Nosema ceranae is a microsporidian parasite of the European honey bee, Apis mellifera, that is found worldwide and in multiple Apis spp.; however, little is known about the effects of N. ceranae on A. mellifera. Previous studies using spore counts suggest that there is no longer a seasonal cycle for N. ceranae and that it is found year round with little variation in infection intensity among months. Our goal was to determine whether infection levels differ in bees collected from different areas of the hive and if there may be seasonal differences in N. ceranae infections. A multiplex species-specific real-time PCR assay was used for the detection and quantification of N. ceranae. Colonies were sampled monthly from September 2009-2010 by collecting workers from honey supers, the fringe of the brood nest, and the brood nest. We found that all bees sampled were infected with N. ceranae and that there was no significant difference in infection levels among the different groups of bees sampled (P=0.74). However, significant differences in colony infection levels were found at different times of the year (P<0.01) with the highest levels in April-June and lower levels in the fall and winter. While our study was only performed for one year, it sheds light on the fact that there may be a seasonality to N. ceranae infections. Being able to predict future N. ceranae infections can be used to better advise beekeepers on N. ceranae management. PMID:22085836

  7. Male effect in seasonally anovulatory lactating goats depends on the presence of sexually active bucks, but not estrous females.

    PubMed

    Véliz, F G; Moreno, S; Duarte, G; Vielma, J; Chemineau, P; Poindron, P; Malpaux, B; Delgadillo, J A

    2002-08-15

    A study was conducted in subtropical northern Mexico (26 degrees N) to determine whether the presence of estrous females can improve the response of seasonally anovulatory goats to the introduction of bucks in the group. The induction of estrous activity was studied in three groups of anovulatory lactating goats during seasonal anestrus. These females were of the Mexican Creole breed. In the control group (sexually inactive (SI), n = 20), two control (SI) bucks exposed to normal seasonal daylength variations were used. In the second group (SI + E, n = 20 + 3), two control males were also used, but in addition, three females of the group were in estrus at the time of male introduction. In the third group (sexually active, SA + E, n = 19 + 4), anovulatory females were exposed to two bucks made sexually active by exposure to 2.5 months of long days (16L:8D) followed by two subcutaneous 18 mg melatonin implants, and four estrous females were also present when introducing the bucks. In all groups, males were introduced on 15 March and estrous detection was conducted twice daily for 15 days. The sexual activity of the bucks was observed from 08:00 to 10:00 h during the first five days of exposure to females. More females displayed estrous behavior in the first 15 days following the introduction of the males in the SA + E group (18/19) as compared with the SI or SI + E groups (2/20 and 0/20, respectively; P < 0.001). No difference was observed between the two latter groups. Thirteen females of SA + E group showed a second estrus between days 6 and 11 (short estrous cycle duration: 5.4 +/- 0.4 days). By contrast, in the SI group none showed a second estrus. The sexual behavior of the males in the SA + E group was greater as compared with that of the males in SI and SI + E groups (over 80% of the total sexual activity recorded in the three groups; P < 0.001). By contrast, no differences were found between SI and SI + E males. These results indicate that the presence of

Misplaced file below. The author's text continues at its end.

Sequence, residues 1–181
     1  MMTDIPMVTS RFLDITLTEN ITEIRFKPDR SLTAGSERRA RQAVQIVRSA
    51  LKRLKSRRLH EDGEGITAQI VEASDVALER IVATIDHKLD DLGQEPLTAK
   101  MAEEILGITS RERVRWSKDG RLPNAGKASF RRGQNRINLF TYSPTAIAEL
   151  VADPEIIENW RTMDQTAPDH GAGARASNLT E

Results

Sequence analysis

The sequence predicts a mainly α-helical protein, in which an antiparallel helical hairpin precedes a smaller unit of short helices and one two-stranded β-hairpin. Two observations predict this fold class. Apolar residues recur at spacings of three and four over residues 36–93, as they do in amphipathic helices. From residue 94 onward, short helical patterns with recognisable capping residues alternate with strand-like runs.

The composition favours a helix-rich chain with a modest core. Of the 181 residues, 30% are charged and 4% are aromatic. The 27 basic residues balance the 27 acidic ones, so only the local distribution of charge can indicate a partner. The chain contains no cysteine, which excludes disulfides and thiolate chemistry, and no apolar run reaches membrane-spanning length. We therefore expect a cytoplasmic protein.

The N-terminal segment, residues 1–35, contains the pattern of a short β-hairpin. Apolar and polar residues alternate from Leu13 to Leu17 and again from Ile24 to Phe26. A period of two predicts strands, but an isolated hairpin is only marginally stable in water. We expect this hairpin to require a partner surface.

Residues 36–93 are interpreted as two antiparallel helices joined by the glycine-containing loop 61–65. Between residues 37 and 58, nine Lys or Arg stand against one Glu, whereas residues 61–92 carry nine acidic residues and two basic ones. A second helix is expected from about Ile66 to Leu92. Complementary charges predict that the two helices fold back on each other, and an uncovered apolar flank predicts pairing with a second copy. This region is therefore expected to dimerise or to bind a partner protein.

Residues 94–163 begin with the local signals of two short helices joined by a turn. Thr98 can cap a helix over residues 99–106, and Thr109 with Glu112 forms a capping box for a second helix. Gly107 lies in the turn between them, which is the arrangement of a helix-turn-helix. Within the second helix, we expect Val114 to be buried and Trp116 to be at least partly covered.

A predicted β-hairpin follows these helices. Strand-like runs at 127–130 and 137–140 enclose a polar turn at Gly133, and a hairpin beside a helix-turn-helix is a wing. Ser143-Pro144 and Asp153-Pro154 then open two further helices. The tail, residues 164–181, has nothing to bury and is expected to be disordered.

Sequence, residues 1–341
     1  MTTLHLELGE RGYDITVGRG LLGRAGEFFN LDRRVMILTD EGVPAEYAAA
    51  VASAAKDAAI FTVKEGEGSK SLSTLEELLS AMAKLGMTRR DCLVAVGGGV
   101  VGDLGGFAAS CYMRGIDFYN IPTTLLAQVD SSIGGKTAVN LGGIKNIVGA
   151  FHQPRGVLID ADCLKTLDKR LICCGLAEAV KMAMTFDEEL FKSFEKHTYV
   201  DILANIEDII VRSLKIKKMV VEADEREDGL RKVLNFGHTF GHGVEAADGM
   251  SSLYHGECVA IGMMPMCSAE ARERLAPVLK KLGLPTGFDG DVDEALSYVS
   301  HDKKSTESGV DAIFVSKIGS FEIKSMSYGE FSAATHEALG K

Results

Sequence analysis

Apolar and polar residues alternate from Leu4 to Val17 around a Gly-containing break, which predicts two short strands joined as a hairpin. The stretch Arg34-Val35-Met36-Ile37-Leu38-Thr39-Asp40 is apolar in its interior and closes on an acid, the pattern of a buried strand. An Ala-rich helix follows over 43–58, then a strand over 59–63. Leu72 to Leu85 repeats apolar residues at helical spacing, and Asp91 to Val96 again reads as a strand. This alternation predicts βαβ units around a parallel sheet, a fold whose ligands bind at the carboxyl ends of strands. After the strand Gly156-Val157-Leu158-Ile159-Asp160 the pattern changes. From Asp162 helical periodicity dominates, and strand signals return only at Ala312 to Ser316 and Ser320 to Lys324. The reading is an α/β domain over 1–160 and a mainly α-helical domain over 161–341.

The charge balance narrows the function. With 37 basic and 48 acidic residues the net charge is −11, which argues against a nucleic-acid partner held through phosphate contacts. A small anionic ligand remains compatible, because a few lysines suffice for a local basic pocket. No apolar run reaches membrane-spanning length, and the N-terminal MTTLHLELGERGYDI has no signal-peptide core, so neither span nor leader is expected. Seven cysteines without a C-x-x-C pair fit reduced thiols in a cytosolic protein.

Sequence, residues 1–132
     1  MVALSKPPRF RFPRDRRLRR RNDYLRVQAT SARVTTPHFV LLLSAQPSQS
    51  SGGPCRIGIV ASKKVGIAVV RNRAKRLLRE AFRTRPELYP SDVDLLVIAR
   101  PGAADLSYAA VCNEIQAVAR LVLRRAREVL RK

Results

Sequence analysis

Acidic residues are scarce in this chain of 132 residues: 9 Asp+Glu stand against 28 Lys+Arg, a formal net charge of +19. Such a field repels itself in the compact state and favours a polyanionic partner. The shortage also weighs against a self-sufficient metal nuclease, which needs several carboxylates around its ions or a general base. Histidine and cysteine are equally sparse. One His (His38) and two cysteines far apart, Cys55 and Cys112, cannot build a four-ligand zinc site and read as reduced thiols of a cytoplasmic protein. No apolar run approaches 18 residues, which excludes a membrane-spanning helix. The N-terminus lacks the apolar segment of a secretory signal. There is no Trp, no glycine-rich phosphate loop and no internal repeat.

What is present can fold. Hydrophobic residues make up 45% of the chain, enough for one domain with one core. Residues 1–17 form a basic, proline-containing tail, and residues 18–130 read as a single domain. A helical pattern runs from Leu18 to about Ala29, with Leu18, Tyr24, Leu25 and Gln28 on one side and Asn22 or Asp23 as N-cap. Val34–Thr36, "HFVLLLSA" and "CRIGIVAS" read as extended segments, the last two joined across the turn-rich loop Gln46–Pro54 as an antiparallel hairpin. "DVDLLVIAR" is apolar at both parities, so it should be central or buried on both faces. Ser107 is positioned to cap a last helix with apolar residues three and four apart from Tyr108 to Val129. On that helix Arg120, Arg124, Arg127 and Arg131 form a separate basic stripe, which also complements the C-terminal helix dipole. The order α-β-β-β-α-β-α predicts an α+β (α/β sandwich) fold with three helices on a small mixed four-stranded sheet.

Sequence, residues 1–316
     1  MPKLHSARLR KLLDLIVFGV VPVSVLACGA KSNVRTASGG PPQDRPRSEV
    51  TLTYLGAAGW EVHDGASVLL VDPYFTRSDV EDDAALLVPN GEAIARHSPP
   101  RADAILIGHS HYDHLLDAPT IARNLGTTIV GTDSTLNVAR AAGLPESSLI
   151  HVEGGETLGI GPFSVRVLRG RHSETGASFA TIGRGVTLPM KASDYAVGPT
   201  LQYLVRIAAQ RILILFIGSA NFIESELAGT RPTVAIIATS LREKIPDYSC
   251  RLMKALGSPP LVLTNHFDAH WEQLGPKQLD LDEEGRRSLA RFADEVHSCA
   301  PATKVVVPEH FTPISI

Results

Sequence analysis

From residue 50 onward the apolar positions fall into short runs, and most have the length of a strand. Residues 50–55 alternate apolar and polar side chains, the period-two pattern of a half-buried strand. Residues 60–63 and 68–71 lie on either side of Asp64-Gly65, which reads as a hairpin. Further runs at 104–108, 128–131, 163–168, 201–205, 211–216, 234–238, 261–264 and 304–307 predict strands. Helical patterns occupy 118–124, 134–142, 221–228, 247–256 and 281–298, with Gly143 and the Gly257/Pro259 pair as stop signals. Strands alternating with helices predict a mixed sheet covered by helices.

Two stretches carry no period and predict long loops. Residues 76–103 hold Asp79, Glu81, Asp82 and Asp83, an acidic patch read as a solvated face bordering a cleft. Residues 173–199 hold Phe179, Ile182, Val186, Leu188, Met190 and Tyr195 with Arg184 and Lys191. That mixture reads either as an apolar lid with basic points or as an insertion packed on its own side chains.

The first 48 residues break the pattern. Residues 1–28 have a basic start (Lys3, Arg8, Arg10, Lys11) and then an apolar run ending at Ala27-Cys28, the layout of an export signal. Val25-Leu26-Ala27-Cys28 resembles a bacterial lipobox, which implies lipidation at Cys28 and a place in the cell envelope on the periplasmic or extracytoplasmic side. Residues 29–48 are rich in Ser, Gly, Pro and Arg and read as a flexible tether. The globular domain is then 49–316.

8. Hurricane disturbance and recovery of energy balance, CO2 fluxes and canopy structure in a mangrove forest of the Florida Everglades

    USGS Publications Warehouse

    Barr, Jordan G.; Engel, Vic; Smith, Thomas J., III; Fuentes, Jose D.

    2012-01-01